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JAIDS Journal of Acquired Immune Deficiency Syndromes:
doi: 10.1097/QAI.0b013e31822d0433
Brief Report: PDF Only

The interrelated transmission of human immunodeficiency virus type 1 and cytomegalovirus during gestation and delivery in the offspring of HIV-infected mothers.

Khamduang, Woottichai M.S; Jourdain, Gonzague M.D., Ph.D.; Sirirungsi, Wasna Ph.D.; Layangool, Prapaisri M.D.; Kanjanavanit, Suparat M.D.; Krittigamas, Pornsuda M.D.; Pagdi, Karin M.D.; Somsamai, Rosalin M.D.; Sirinontakan, Surat M.D.; Hinjiranandana, Temsiri M.D.; Ardonk, Wanna M.D.; Hongsiriwon, Suchat M.D.; Nanta, Sirisak M.D.; Borkird, Thitiporn M.D.; Lallemant, Marc M.D.; McIntosh, Kenneth M.D.; Ngo-Giang-Huong, Nicole Pharm.D. Ph.D.; for the Program for HIV Prevention Treatment (PHPT) study group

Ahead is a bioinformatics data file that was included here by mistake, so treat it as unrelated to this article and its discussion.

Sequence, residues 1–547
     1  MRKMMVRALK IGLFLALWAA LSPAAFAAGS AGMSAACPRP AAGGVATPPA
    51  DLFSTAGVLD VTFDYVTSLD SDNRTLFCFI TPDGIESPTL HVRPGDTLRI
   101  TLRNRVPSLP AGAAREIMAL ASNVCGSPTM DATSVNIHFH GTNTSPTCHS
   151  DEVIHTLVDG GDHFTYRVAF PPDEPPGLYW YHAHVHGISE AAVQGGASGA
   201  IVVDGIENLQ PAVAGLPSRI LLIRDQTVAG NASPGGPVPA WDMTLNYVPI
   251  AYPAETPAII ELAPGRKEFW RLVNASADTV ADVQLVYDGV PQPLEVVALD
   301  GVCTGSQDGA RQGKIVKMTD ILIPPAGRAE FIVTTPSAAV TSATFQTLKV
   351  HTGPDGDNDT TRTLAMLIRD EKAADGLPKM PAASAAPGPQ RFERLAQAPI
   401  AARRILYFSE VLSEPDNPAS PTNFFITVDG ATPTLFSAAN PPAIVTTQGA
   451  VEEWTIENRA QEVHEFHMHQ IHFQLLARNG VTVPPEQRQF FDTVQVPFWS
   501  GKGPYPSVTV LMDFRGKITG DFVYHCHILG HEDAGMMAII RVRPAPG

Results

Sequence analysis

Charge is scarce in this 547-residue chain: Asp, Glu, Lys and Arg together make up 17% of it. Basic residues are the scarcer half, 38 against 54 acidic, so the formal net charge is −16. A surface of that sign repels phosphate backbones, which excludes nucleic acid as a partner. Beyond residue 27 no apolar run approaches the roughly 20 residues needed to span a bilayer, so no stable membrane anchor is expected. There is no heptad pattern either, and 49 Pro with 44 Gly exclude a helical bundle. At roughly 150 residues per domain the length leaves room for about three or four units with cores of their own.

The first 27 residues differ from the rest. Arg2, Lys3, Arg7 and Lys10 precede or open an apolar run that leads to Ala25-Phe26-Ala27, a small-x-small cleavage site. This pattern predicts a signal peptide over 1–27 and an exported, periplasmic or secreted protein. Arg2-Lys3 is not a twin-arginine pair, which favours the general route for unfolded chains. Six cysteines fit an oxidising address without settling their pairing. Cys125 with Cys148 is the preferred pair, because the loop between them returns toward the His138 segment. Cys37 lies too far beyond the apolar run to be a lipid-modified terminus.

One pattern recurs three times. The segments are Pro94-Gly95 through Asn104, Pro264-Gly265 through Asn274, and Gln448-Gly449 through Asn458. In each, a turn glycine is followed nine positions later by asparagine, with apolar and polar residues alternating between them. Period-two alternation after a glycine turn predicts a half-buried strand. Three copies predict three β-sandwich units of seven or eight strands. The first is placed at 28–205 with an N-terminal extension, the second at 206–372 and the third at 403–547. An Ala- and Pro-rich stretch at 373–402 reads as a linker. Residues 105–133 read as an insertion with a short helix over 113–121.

Published Ahead-of-Print
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Our objective was to analyze, in formula-fed infants, correlates of HIV mother-to-child transmission, including cytomegalovirus (CMV) infection.

HIV-infected infants were matched with HIV-uninfected by maternal HIV RNA in a case-control design. Infant CMV infection was determined by CMV-IgG at 18 months and timed by earlier CMV-IgM or -DNA. Correlations were assessed using logistic regression.

In utero HIV infection was independently associated with congenital CMV infection (P=0.01), intrapartum HIV infection with congenital-plus-intrapartum/neonatal CMV infection (P=0.01), and overall HIV with overall CMV infection (P=0.001), as well as prematurity (P=0.004).

Congenital and acquired CMV infections are strong independent correlates of mother-to-child HIV transmission.

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